World Bank downdgrades Russia growth to 4%
The World Bank downgraded Russia's 2011 growth forecast to 4.0% on Thursday, citing global risks and sluggish domestic demand while warning against an unsustainable long-term budget.
It was the second downward revision from the 4.5-percent figure initially predicted by the bank in November. Last year, Russia's economy also grew 4.0, recovering slightly from its 7.9-percent contraction in 2009.
"With heightened risks to global growth and lower commodity prices, we now expect Russia's real GDP to grow 4 percent in 2011," the World Bank said in its latest report.
Production and manufacturing growth slowed from last year, and "widespread expectations that growth in the nontradable sectors will soon accelerate... have not fully materialised," the report said.
"Low consumer confidence" from delayed recovery in incomes has also stalled the anticipated growth of domestic demand, the bank said.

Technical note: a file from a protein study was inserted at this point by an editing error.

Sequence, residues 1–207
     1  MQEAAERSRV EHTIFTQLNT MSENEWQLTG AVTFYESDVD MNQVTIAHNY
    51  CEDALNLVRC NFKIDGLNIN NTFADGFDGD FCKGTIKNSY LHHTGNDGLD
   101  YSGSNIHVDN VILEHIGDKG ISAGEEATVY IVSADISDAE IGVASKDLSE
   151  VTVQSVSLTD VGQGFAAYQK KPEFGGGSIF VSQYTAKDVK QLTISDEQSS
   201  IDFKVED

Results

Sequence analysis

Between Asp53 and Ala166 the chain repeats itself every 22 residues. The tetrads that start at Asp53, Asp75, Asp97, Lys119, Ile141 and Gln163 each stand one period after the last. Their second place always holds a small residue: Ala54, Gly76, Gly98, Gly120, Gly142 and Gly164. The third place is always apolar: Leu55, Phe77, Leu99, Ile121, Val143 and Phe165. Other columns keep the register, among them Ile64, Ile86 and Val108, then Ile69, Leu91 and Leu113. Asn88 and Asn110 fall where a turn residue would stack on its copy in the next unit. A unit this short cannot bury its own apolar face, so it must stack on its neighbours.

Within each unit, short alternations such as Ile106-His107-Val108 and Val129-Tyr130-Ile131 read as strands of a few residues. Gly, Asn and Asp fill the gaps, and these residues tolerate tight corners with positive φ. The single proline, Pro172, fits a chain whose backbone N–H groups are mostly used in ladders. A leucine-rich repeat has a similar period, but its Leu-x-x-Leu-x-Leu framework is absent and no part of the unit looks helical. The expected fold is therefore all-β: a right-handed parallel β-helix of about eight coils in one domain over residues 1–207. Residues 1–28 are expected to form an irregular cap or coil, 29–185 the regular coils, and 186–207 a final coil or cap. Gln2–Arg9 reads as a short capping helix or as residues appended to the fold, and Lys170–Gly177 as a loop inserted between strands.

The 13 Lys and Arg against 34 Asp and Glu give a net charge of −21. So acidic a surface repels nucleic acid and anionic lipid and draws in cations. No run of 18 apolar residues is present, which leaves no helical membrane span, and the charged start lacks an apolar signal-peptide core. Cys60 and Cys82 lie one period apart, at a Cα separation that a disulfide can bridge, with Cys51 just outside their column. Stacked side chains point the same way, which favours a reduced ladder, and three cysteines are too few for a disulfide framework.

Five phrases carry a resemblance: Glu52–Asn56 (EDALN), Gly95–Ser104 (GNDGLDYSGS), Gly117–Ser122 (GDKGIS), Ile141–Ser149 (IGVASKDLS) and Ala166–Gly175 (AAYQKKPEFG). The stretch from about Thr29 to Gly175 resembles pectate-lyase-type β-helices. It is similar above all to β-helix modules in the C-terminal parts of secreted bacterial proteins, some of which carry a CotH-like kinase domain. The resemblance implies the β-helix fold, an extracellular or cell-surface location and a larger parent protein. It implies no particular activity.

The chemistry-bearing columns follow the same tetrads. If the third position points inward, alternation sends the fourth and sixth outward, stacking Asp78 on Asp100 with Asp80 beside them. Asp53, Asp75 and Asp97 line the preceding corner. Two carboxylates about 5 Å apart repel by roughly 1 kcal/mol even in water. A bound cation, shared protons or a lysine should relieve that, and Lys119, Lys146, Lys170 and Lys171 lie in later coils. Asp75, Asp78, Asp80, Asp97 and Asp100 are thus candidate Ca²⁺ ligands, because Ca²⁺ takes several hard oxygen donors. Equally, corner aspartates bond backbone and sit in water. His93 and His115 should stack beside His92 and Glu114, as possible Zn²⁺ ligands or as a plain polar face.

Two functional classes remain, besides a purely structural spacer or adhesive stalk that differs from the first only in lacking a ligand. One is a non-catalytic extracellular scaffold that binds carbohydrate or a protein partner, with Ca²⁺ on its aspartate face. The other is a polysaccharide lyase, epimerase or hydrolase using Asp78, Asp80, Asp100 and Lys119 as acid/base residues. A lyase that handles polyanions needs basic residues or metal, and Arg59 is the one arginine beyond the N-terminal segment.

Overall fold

Russia's own projection for economic growth in 2011 has been 4.2 percent, a target set by Prime Minister Vladimir Putin in April.
The bank noted that high oil price and low unemployment "will help sustain robust growth in domestic consumption, which, in turn, will support overall growth during the second half of 2011," the report said.
But it cautioned that despite the added oil revenues, "the new budget plan for 2012-14 raises concerns about the long-term fiscal sustainability of Russia's public finances."
The Russian press this week discussed the latest leaked draft of the budget for 2012-2014, in which spending grew by 425 billion rubles ($14 billion) to account for pre-election pledges. It is set for approval September 20.
Russia's 2011 budget is based on an average annual oil price of $105 dollars a barrel.
With growth still considerably slower than in pre-crisis years, Russia would need to improve effectiveness of public expenditures in order to target poverty, the report said.
While Russia's limited trade with indebted European countries like Greece will minimise "contagion", its economy is still vulnerable to oil prices and capital flows.
© 2011 AFP